The University of Colorado won their appeal at the Colorado Supreme Court this week which means that the firing of Ward Churchill, the male half of that American Indian academic comedy routine know as Churchill and Warren, has been upheld. Churchill was fired back in 2007 by the University after an investigation into his ‘research’ showed patterns of plagiarism and fabrication.
Formerly a Professor of Ethnic Studies at the University of Colorado, this sham of a shaman would parade around campus dressed in buckskins, claiming to be a various mix of Indian American vintages that seemed to shift and change depending on his audience. He invented other trendy little fictions about his background such as having been an Army Ranger and a paratrooper during the Vietnam War. He also claimed that he taught bomb-making to the radicals in the Weather Underground, Bill Ayers’ jolly little terrorist group.
Despite possessing no doctorate degree, this progressive phony was granted tenure by the university in 1991. I’m sure the Board of Regents were all aglow at the prospect of having an American Indian affirmative action figure with a pseudo-radical past on the payroll. But by the early 21st century, the university must have been feeling they’d been had, royally had.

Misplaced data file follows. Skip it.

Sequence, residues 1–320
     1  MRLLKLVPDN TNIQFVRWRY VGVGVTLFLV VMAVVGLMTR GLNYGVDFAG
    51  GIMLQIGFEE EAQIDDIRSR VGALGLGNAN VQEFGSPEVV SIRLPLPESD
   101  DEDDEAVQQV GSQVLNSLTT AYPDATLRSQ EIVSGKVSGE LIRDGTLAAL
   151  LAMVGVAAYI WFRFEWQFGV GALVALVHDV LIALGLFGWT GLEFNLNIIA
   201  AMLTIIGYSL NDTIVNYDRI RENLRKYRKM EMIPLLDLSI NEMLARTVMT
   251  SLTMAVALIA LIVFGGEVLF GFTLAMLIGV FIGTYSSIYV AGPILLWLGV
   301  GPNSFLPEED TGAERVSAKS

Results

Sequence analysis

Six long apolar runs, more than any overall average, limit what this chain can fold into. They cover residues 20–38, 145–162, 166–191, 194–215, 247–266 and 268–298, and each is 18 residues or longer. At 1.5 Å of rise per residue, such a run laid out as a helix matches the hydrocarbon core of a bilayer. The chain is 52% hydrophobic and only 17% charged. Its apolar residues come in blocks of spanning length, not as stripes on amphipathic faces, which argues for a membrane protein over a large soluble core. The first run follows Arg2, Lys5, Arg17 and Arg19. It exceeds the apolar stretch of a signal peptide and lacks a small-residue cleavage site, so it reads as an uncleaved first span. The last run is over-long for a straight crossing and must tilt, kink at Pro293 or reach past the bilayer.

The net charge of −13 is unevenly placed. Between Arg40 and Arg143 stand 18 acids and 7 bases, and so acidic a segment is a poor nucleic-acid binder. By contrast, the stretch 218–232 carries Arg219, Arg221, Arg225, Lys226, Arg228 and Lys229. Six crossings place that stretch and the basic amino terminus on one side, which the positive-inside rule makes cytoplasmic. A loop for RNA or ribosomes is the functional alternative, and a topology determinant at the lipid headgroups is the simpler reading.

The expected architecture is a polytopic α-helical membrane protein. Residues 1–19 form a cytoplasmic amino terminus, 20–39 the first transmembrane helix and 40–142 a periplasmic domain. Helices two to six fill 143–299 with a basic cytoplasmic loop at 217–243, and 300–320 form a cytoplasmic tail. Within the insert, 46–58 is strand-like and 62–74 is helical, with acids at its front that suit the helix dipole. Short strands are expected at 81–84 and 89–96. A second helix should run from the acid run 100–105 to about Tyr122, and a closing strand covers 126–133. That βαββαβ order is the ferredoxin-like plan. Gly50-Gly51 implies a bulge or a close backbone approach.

Ward Churchill is best known for his 9/11 essay where he depicted victims of the terrorist attacks at the World Trade Center as “little Eichmanns”. And of course, that made him a darling of the Democrat crowd.
But sometimes fate catches up to these arrogant fakirs, and on September 10, 2012, destiny surely had its day.
Ward Churchill’s attorney plans to appeal the fired professor’s case to the U.S. Supreme Court after the state’s high court ruled Monday in favor of the University of Colorado.
But the likelihood that the U.S. Supreme Court would take Churchill’s case is small, according to CU law professor, Melissa Hart, a constitutional scholar.
The U.S. Supreme Court receives about 10,000 petitions every year and chooses to hear about 80 to 100 cases, stated Hart. Churchill’s odds become even lower, she said, because the constitutional issue raised by his case doesn’t represent an inconsistent interpretation of the U.S. Constitution and isn’t important in terms of the broader interpretation of the Constitution.